Speaker Catherine Flowers Topic: Global Supply Chain Diversification

45

ROAR WOMEN'S LEADERSHIP SUMMIT 2013

37

Amy Esparza - EEE Management Delivering excellent, exquisite, elegant services to fit your needs

HOUSTON EDITION PUBLISHER: STEVE LEVINE SMALL BUSINESS MAGAZINE IS PUBLISHED MONTHLY BY LEGACY PUBLISHING GROUP, LLC. 5380 WEST 34TH ST. STE. 230 HOUSTON, TX 77092 EXECUTIVE PUBLISHER: STEVE LEVINE PRESIDENT: JOHN CRUISE PHONE: 832-460-2020 www.SBTMagazine.net ADVERTISING RATES ON REQUEST. BULK THIRD CLASS MAIL PAID IN TUCSON, AZ. POSTMASTER: PLEASE SEND NOTICES ON FORM 3579 TO 5380 WEST 34TH ST. STE. 230 HOUSTON, TX 77092 ALTHOUGH EVERY PRECAUTION IS TAKEN TO ENSURE ACCURACY OF PUBLISHED MATERIALS, SMALL BUSINESS TODAY MAGAZINE CANNOT BE HELD RESPONSIBLE FOR OPINIONS EXPRESSED OR FACTS SUPPLIED BY ITS AUTHORS. COPYRIGHT 2012, LEGACY PUBLISHING GROUP, LLC. ALL RIGHTS RESERVED. REPRODUCTION IN WHOLE OR IN PART WITHOUT WRITTEN PERMISSION IS PROHIBITED.

SMALL BUSINESS TODAY MAGAZINE MAY 2013 | PG 5


ERIC KLEIMAN PHOTOGRAPHY

By Barbara R. Davis

I

SMALL BUSINESS TODAY MAGAZINE MAY 2013 | PG 6

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RAPHY PHOTOG ERIC KL EIMAN

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SMALL BUSINESS TODAY MAGAZINE MAY 2013 |onPG 7 20 continued page


EDITORIAL FEATURE

What is Professionalism?

THE BUSINESS OF REAL ESTATE

By Rita Santamaria

P

rofessionalism is defined as a “person engaged or qualified in their field, an expert, someone certified in an area of their profession”. The word “professional” is tossed around a lot. Everyone has their own image and their own definition of what the word professionalism means to them. Companies have in writing and policy how professionalism is defined and should be demonstrated within that company. The following are universal agreements on the subject of professionalism within most industries. Always performing to the best of your abilities in every aspect of your career is at the top of the list. This may sound ambiguous and all encompassing. It is all encompassing. Most career minded individuals know the basics of their day to day jobs. Pull those basics apart and then evaluate yourself as to whether you are the best at all of your job skills and abilities. Become an expert at the skills needed to perform your job. This often means ongoing education in your chosen field. No one can stay qualified in their field in this changing world if they are not constantly educating themselves. Keep your knowledge up to date. Customer satisfaction is primary in all professions. If all employees understood that satisfying the customer’s needs is the company’s main goal, the fear of being laid off would not be realistic to its employees. The employee who understands the concept of outstanding customer relationships is always a valued employee by the successful business. How to satisfy the customer and keep the customer’s loyalty is the foundation of professionalism. These cornerstones are the building blocks for that solid foundation.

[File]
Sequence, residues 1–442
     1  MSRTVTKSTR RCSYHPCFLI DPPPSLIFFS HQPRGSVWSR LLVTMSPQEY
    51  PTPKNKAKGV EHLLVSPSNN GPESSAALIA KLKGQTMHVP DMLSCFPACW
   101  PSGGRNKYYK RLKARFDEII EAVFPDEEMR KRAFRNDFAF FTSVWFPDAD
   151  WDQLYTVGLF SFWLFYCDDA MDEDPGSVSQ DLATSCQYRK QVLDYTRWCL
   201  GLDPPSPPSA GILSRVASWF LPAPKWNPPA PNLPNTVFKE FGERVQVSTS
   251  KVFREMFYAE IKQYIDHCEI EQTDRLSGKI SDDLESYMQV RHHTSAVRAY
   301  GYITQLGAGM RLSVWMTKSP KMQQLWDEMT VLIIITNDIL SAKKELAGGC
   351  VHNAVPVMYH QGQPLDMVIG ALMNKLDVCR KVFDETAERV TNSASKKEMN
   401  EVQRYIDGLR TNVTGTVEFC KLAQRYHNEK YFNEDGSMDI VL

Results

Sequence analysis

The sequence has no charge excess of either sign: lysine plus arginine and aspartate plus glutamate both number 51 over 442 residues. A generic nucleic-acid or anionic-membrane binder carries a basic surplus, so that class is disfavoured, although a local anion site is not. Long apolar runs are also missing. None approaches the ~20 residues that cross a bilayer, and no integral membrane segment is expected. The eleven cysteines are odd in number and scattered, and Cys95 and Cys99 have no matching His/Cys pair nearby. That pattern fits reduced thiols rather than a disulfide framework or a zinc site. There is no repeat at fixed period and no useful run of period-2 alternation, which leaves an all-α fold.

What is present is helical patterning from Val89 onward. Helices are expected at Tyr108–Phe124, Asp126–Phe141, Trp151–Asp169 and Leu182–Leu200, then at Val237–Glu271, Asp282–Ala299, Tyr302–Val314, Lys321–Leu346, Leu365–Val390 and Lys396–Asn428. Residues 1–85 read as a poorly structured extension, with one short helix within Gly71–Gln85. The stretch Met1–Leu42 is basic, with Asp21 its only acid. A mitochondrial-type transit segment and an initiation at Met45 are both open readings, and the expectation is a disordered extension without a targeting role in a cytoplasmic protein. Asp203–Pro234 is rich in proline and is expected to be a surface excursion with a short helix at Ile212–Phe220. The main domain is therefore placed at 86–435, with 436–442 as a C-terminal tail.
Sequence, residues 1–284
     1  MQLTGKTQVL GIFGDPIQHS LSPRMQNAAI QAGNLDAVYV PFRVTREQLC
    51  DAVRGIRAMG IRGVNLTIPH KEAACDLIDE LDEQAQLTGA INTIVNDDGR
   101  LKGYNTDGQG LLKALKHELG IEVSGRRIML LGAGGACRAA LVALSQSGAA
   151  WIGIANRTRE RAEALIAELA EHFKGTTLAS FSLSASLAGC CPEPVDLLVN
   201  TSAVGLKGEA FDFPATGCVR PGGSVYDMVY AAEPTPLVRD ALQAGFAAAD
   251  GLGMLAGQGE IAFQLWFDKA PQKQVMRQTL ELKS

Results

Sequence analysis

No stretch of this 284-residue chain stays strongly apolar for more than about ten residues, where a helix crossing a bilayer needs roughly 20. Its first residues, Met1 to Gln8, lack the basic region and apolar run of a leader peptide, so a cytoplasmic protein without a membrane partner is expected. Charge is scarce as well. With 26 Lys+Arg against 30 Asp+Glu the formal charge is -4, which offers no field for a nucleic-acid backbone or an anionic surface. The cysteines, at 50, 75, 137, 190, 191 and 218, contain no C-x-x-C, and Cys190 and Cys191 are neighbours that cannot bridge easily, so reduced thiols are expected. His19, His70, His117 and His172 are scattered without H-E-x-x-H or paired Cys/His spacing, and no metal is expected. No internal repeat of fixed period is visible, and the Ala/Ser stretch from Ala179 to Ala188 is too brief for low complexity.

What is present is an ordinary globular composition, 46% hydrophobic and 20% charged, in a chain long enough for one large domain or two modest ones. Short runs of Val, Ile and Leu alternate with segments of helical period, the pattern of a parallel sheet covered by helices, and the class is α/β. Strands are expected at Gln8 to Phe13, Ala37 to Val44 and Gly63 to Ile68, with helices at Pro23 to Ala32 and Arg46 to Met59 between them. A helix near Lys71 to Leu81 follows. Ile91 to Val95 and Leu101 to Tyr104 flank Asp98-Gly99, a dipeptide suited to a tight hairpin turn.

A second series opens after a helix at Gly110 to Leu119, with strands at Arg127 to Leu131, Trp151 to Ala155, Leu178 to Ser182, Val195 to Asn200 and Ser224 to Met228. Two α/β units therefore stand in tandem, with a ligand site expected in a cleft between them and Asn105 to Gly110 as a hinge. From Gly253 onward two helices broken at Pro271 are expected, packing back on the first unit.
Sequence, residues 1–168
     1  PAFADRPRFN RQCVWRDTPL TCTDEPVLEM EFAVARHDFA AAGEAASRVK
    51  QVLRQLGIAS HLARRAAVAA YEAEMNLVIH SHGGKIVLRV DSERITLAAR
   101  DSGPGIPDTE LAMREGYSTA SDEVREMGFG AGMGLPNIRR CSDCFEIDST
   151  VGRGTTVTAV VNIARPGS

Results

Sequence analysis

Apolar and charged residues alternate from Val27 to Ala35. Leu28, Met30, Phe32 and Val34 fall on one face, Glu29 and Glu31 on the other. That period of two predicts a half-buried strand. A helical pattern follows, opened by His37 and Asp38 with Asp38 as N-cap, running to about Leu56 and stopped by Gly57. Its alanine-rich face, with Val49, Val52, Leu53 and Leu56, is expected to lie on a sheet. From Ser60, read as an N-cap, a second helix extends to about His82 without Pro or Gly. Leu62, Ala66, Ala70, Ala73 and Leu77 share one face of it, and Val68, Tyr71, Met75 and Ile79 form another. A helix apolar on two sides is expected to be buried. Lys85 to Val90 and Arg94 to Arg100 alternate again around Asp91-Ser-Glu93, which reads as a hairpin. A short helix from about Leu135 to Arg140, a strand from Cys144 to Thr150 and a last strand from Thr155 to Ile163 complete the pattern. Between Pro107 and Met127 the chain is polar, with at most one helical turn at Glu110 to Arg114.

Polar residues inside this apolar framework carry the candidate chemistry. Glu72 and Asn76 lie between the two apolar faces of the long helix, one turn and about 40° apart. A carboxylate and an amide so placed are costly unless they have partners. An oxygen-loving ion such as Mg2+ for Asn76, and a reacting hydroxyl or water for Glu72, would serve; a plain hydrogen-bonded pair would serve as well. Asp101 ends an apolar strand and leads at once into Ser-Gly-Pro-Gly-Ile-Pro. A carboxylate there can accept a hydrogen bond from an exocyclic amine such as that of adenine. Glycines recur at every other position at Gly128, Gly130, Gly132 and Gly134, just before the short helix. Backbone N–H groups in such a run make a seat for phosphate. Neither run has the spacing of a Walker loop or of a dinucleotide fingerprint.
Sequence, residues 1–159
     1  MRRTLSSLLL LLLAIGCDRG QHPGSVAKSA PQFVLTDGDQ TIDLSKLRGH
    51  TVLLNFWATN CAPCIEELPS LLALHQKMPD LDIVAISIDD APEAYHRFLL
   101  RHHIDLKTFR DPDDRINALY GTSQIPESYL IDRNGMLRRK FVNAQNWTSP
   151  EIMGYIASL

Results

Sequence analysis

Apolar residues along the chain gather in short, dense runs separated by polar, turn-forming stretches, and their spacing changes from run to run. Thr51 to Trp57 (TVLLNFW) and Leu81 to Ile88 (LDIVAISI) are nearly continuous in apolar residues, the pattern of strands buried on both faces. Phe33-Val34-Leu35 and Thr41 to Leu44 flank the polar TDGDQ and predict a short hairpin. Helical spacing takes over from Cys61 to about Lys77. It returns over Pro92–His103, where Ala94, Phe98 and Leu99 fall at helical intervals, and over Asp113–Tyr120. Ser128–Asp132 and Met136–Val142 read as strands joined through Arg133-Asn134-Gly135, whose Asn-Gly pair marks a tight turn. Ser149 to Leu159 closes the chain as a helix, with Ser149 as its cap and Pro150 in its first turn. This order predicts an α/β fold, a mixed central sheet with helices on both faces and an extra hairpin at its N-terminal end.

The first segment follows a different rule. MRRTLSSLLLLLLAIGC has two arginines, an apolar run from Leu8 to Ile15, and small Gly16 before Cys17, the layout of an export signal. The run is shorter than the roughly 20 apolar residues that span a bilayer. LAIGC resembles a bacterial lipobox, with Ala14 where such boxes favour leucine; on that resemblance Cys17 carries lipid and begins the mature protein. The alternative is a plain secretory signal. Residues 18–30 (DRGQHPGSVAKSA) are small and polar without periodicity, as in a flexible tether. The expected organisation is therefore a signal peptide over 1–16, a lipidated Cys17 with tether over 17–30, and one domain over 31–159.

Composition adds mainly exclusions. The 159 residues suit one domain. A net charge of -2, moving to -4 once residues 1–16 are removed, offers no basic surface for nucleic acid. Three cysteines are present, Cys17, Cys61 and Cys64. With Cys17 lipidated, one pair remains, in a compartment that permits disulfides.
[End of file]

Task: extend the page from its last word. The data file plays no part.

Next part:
Professionals are not time clock tethered. Their time is managed by the tasks at hand. Daily goal setting and follow through to complete the tasks at hand is self-satisfaction. There are plenty of opportunities to self-manage. Self-management begins when the individual starts their day. The clothes, shoes, and tools they choose for their work day sets them apart from others as soon as they appear at work. The attitude they carry into the office sets them apart. They are someone everyone is happy to see. The person who at the end of the day is still demonstrating a dependable

attitude is the one every employer wants to acknowledge. The customer does not want to see an overly stressed person. Keeping personal issues personal and taking time to recharge is what goes along with self-management. Never would an employee undermine, bully, gossip, or swear at the customer or fellow associates. This is not professionalism. It’s the formula for dismissal; therefore, knowing acceptable communication skills is one of the building blocks for professionalism. Continued on page 38

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SMALL BUSINESS TODAY MAGAZINE MAY 2013 | PG 8

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EDITORIAL FEATURE

Entrepreneurs Tool Box Credit Policy and Cash Flow

ENTREPRENEURS WORKBOOK

By Alvin E. Terry, MBA / Business Consultant, Dynamic Business Builders